Make everything happen automatically. I wouldn’t be making money in my sleep if I had to confirm each transaction manually via e-mail. Instead, I’ve hired e-junkie to complete each transaction for me. They take the orders, receive the payments, record how much I owe my affiliates, and deposit it all into my Paypal account automatically. These tools exist to automate your business, use them.

5, Support a community.

I wouldn’t be anywhere without the simplicity/minimalist community. I’ve met some amazing people, I’ve had some brilliant conversations. Check out 15 Minimalist/Simplicity bloggers to watch to meet some of these amazing folks. My interview section is another great resource. Also, Leo Babauta’s list of minimalist links. Many of these people joined my affiliate program for The Art of Being Minimalist. We support each other, we grow together.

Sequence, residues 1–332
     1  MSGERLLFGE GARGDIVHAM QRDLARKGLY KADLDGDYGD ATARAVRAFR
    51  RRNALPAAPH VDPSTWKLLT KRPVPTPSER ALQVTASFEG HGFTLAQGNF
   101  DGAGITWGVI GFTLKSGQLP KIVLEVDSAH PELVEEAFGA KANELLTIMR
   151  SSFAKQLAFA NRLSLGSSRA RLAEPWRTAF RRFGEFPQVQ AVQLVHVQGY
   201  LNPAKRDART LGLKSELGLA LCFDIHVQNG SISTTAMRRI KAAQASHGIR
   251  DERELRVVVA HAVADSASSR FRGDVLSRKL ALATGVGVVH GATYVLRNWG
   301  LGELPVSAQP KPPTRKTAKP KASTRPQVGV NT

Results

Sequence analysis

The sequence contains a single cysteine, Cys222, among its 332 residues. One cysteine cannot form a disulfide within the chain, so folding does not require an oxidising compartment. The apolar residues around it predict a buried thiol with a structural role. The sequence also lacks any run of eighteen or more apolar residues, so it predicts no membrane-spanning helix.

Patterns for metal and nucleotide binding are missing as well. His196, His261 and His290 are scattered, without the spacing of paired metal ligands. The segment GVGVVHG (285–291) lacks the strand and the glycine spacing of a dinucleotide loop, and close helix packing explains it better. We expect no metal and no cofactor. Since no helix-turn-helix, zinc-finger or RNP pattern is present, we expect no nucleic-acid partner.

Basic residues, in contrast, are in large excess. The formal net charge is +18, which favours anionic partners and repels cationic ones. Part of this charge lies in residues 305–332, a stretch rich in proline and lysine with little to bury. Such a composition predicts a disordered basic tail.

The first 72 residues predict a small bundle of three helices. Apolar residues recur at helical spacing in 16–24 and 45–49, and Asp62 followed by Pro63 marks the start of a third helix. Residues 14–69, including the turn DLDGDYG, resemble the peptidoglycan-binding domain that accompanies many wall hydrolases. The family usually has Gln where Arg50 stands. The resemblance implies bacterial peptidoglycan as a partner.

6, Opt out of physical reality.

Our culture is changing on a fundamental level away from relying on physical goods. While we will always have to sleep and eat, most of the thriving businesses that cross my radar are focused around digital distribution of digital goods. Why? Because making physical objects is costly and they create clutter. A minimalist doesn’t like spending money on a business before it thrives. A minimalist also hates clutter. Physical products also deplete the world’s limited natural resources. Create a digital business and you’ve avoided all of these potential problems.

7, Don’t try to game the system.